Note: I am making an assumption that once I have made the Imbroccata that I will be passing back to my initial starting position.
Steven Reich wrote:Sorry I haven't responded sooner, but I was at Fechtschule America for the last few days.
As to the Imbroccata into Porta di Ferro Stretta (PdFS), I don't believe Dall'Agocchie gives clear instruction as to how to synchronize the step, however, earlier in the work he lists PdFS as the ending guard of an Imbroccata in the same way as it is the ending to a (Mezzo) Mandritto. Therefore, assuming that the sword wasn't stuck too deeply in the opponent (in which case, I'd probably continue forward), I think that I'd consider the turning into PdFS as part of the motion of the thrust. That said, the pass back should probably begin the instant that the foot lands from the step forward, so you might think of it in terms of your first way with it actually behaving the second way at full speed. It seems unlikely (to me) that he meant it the third way (if he did, I would have expected him to say something like, "pass back in Guardia d'Alicorno, then go into PdFS).
I guess I mostly waffled on this answer...
Dan Sellars wrote:Steve, so you do think he means to move back from the thrust with a pass (or I assume two in order to be in PdFS otherwise would you not be in CPdF)? When I was practising it, as I said above, I was assuming that he just meant to settle back into PdFS by recovering the sword hand from the extended imbroccata.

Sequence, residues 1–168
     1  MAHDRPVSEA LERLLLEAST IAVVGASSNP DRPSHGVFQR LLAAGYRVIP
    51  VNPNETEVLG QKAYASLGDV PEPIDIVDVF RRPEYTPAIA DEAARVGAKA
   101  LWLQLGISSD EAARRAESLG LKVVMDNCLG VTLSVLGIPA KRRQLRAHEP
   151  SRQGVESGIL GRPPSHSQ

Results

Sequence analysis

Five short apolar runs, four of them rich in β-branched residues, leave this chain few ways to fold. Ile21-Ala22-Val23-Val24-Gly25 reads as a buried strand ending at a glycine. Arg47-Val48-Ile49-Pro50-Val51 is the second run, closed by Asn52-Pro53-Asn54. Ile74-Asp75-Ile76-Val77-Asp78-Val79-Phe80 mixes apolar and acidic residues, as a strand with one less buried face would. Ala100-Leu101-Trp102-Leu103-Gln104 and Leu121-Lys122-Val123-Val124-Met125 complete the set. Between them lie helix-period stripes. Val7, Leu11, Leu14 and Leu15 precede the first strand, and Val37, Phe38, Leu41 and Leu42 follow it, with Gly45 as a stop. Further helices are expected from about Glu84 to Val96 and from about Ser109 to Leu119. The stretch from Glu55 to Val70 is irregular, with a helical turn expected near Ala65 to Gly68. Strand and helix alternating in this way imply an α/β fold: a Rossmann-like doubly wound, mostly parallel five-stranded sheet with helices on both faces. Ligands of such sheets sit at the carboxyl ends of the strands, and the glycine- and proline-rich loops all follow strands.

Steven Reich wrote:...
From a philosophical perspective, if I was teaching this action, I wouldn't consider it complete until the had retreated out of measure after the attack--probably with two passes back. So in this case, I'd have you do the action as is, recovering into PdFS. Then immediately, I'd have you do a Falso Manco as you passed back with your right foot and a Mezzo Mandritto as you passed back with your left foot to end in PdFS out of measure. Alternatively, instead of the Falso Manco and Mezzo Mandritto, I might have you do a Riverso Sgualembrato as a molinello to the inside as you passed back with your right foot into Coda Lunga Alta, followed by a pass back with your left foot to end in PdFS. Dall'Agoccie doesn't really give these covering actions in his techniques, but they are in Marozzo in nearly every place that he has you retreat after making an attack.
mackenzie cosens wrote:I tried both of your suggestions and they make my drilling feel much more correct and complete.
mackenzie cosens wrote:I am assuming that the Falso Manco is a simple false edge cut from PdFS to Guardia Alta, is this correct?
Steven Reich wrote:...
Yes, that's correct. Alternatively, it could be from Porta di Ferro Larga (in other actions). Also, depending upon when you are using it, you might make a preparation by dropping the point of your sword from PdFS into or nearly into PdFL--probably not in this particular action, though. However, experiment and see how everything feels.